According to plaintiff's testimony, she was distressed by the fact that defendants blocked her view at all. Under plaintiff's fraud claim, however, defendants are only responsible for plaintiff's emotional distress that resulted from the additional loss of view that their fraud caused. See Galego, 281 Or at 51. Plaintiff offered no evidence that would permit the jury to determine those damages. Even if plaintiff would otherwise be able to recover emotional distress damages, a point on which we express no opinion, there was no evidence from which the jury reasonably could determine the emotional distress damages that defendants' fraud caused. The trial court correctly granted defendants' motion for judgment notwithstanding the verdict on plaintiff's fraud claim.

Affirmed on appeal and on cross-appeal.

1. Plaintiff's letter stated in part:

"I fully support [defendants'] variance request as it will allow them to build on their lot in a manner that reduces the total height of the building. This will minimize the impact on my view and on other property owners' view. If the variance is not approved they would still be entitled to build on the lot but may be forced to build a much higher structure that would be within the code parameters but would be more view obstructing to everyone. Therefore, I urge you to approve [defendants'] variance request."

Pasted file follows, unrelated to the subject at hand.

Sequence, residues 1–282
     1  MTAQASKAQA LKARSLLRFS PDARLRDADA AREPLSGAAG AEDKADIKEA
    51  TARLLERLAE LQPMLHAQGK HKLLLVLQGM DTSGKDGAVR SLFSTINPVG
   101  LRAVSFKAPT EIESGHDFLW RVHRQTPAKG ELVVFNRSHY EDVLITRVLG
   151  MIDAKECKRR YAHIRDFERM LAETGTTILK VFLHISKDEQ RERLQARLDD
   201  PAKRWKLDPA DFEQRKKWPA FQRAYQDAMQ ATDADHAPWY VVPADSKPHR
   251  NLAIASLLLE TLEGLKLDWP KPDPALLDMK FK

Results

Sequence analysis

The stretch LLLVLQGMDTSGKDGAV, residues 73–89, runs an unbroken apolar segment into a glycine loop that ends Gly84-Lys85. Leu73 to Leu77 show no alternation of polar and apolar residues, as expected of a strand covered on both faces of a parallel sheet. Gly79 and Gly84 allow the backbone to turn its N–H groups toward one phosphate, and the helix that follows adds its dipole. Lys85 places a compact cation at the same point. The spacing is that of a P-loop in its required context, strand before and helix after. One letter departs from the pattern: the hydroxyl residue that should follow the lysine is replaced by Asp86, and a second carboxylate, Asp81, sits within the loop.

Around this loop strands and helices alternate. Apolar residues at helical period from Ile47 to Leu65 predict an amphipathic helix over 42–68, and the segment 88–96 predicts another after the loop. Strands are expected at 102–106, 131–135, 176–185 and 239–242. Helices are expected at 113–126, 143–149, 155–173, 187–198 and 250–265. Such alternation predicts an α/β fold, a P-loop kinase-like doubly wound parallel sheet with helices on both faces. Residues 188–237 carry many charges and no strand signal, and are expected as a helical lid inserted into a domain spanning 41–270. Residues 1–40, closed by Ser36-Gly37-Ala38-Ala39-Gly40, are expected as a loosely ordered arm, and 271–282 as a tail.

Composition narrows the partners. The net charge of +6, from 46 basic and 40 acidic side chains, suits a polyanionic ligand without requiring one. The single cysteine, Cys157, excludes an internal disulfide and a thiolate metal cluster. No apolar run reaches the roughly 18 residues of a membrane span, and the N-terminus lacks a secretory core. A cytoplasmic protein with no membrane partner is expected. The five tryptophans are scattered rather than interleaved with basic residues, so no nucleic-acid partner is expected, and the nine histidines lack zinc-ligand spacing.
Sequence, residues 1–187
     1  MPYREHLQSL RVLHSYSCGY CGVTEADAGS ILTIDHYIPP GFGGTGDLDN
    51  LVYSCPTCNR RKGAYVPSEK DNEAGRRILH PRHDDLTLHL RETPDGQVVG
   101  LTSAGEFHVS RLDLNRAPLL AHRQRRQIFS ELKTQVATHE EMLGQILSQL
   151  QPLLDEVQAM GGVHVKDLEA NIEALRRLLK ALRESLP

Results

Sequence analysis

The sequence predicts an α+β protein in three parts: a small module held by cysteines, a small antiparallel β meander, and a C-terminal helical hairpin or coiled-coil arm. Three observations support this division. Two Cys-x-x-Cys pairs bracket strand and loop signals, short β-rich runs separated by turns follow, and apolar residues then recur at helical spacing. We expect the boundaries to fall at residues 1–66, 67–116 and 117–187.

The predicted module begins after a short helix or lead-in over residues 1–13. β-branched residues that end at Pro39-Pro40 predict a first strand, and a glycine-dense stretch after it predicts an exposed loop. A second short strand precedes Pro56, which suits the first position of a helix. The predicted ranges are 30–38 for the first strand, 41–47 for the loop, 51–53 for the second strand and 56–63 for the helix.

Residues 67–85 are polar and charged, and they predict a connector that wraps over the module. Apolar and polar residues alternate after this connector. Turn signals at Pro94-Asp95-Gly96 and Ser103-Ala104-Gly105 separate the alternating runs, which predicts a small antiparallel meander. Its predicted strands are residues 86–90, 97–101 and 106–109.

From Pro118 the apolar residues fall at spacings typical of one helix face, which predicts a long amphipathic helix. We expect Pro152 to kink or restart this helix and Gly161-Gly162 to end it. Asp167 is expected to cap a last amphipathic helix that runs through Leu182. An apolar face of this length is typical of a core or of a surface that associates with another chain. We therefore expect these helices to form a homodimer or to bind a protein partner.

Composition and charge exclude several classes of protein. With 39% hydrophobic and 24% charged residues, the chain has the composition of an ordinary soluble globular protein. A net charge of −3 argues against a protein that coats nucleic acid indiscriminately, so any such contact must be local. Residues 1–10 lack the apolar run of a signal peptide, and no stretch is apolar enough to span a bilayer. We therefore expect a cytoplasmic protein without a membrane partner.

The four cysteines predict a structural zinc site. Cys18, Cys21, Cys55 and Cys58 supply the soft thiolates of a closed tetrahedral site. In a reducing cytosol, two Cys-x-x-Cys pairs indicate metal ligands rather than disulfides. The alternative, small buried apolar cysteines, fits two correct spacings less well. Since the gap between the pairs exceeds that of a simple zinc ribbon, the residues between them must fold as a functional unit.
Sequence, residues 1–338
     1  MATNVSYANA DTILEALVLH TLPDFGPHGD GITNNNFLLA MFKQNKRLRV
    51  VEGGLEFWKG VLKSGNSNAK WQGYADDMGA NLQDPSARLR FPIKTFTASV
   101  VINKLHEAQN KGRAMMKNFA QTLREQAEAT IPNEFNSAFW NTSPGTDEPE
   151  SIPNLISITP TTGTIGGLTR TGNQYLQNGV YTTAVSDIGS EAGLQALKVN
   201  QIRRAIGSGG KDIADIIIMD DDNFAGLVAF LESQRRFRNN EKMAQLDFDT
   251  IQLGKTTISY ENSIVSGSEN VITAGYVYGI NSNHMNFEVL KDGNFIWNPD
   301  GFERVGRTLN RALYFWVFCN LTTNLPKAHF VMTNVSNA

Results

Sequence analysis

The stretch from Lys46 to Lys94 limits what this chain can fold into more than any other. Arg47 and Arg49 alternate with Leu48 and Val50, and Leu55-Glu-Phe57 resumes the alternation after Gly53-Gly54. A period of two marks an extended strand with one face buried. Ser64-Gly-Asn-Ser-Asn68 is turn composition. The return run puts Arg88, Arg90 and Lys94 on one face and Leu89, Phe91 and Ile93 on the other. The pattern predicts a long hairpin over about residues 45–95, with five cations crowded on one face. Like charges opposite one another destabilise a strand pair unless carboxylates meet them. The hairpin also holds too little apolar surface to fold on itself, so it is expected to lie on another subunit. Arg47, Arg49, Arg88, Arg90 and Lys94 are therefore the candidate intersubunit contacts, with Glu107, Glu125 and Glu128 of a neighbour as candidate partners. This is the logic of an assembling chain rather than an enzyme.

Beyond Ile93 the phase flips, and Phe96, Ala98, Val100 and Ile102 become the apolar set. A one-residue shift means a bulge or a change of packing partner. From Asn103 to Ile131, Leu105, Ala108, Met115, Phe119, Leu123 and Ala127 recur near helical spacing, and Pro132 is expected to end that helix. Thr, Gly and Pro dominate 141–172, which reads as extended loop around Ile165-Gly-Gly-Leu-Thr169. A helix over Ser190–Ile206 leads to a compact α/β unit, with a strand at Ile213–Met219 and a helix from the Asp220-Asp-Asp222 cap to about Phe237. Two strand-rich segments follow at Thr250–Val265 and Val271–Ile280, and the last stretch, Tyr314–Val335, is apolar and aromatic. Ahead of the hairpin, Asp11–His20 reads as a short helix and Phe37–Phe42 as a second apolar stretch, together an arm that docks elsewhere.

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2. Plaintiff did not dispute below that defendants could have constructed a house without the variance that would have, because of its height, partially blocked her ocean view. Plaintiff understood that if defendants received a variance, they would build a wider, lower house, the roof line of which would be below her window and thus not block her view. Although defendants built a wider house after they received the variance, they did not build a lower one. Because of the way the two houses sit in relation to the ocean, the house that defendants built with the variance marginally increased plaintiff's loss of her ocean view by three-and-one-half degrees.

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3. Plaintiff's expert testified that her home was worth $30,000 less than if defendants had not blocked her view at all.

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4. Defendants also moved for a directed verdict on plaintiff's fraud claim, which the court denied.